Andrew: Well, that’s right. Yeah, we effectively came home and we were an Australian company with an Australian project. We’d been listed in North America for a long time. But in late 2019, yes, we did come home and we’re listed on the ASX and that was a great thing for the company. So in that regard, you know, we’ve been exploring iron ore and developing up the project there for, you know, well over 12 years. We’ve put over 100 million dollars into the ground over there, but the story is comparatively new to Australia and Australian investors. So yeah, we’re keen to improve the story for an Australian audience. We’ve done a lot of work, we’re fully permanent, we’ve got fully granted mining leases. We’ve got environmental approvals. We just need to apply for an extension to the [inaudible 00:07:28.272] type of heritage issues in place, so we’re advanced in that regard. And I think the story forward is good.
Stuart: Right. Now, in terms of the feasibility study you’re working on, presumably next year that will be in the hands of investors to evaluate just how big this project could get.
Andrew: Yeah, look, we’re in the stages of rapidly advancing that feasibility study at the moment. You know, we’re aiming to deliver that as quickly as possible. I think line of sight of that is well and truly in front of us now. So, you know, we’re getting close to the business end of concluding that. The study that we’re doing at the moment is different. You mentioned before a preliminary economic analysis report that was prepared for the Canadian market back in 2009. It is different from that MPEA. That was a combined magnetite hematite operation that was produced for the Canadian market. We can’t disclose the results of that here in Australia, but it is a publically available document. But look, this feasibility study that we’re working on at the moment will be comprehensive. It’ll be something that can be normalized across both the TSX there and ASX, so all investors can look at it. They can look at the financial outputs for it. They can delve into the detail of it. And, you know, we’re excited about the prospect of delivering that very soon.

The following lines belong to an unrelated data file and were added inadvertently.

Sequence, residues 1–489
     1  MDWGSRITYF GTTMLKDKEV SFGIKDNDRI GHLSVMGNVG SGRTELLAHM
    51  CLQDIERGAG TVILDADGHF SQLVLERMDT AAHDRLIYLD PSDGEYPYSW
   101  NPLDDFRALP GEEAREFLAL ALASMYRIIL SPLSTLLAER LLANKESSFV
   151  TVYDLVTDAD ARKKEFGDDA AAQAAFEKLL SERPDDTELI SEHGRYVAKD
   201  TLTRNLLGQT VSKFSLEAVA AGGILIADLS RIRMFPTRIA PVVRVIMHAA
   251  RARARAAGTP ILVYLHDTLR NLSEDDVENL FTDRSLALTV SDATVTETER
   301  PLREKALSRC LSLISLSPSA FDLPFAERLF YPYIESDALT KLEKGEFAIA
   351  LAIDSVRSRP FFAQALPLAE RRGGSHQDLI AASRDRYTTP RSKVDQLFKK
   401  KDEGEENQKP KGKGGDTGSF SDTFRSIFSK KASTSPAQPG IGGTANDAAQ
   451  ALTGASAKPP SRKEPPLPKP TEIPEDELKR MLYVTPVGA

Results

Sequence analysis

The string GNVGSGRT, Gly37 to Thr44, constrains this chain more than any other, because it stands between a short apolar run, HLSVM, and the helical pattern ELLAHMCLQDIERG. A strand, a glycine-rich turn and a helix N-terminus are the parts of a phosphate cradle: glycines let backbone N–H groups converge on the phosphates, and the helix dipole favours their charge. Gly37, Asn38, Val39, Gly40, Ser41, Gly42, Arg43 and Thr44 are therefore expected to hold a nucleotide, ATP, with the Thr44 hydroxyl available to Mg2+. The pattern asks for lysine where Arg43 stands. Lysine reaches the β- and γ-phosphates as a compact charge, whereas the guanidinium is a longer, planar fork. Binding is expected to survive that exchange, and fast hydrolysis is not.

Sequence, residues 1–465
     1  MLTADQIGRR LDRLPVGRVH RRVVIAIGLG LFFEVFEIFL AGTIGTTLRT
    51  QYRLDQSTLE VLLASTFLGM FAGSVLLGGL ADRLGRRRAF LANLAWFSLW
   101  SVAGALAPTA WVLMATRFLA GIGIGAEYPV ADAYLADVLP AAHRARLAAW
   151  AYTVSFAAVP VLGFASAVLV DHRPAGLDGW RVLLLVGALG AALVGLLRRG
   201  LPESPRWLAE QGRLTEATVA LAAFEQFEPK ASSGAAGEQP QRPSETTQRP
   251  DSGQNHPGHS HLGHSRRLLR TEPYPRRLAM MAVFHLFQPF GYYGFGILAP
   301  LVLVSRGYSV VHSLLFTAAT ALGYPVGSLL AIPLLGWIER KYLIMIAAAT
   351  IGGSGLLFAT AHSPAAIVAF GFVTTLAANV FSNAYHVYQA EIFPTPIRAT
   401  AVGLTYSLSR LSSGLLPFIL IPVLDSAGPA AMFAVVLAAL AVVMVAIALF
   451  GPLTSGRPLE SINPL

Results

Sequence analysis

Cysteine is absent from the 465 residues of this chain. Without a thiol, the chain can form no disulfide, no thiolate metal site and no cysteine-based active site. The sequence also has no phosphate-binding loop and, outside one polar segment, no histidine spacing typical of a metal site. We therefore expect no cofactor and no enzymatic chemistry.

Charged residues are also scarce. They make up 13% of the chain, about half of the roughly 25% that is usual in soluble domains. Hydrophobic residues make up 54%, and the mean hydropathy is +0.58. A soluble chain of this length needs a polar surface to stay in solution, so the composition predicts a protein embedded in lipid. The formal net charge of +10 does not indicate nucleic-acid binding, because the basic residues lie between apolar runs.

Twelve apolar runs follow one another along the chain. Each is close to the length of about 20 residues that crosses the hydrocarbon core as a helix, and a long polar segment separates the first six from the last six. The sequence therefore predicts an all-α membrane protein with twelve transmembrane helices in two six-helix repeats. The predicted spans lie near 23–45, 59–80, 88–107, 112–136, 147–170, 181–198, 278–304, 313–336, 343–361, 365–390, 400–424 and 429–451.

Stuart: Right. Now, to that end, obviously, there’s a hematite component indigent to the magnetite. You made a lot of progress there too. You’ve got Arizon ready to ship the ore down to, potentially, the port of Kwinana. Port access obviously is still to be negotiated there. But you’ve made a fair bit of progress in terms of unlocking the Ullaring hematite deposit at Lake Giles.
Andrew: Correct. Look, for a long time, the company did focus on developing its hematite assets. We’ve got 1.3 billion tons of magnetite and that’s the current sort of, I guess, focus for the company in the medium to long term. There’s a lot of resource there to develop. But over the course of the last 10 years or so, we’ve gotten, you know, sort of, 80 million tons, you know, hematite resource, and the company’s done a number of studies on that hematite resource, predominantly to produce a beneficiated product. And so the studies that we did on that, we’re looking at a beneficiated solution. I think the market wants us to deliver the feasibility study to the magnetite project, you know, first and foremost. I think that’s the underlying value proposition for the company. That’s, I think, why our value proposition at the moment, despite the fall back in the iron ore prices is different to those companies that have all their eggs in the lower grade hematite and DSO basket. I don’t know that you can apply the same linear correction to Macarthur in the same way as you would, you know, look at those companies that are producing, you know, just that particular category of lower grade product.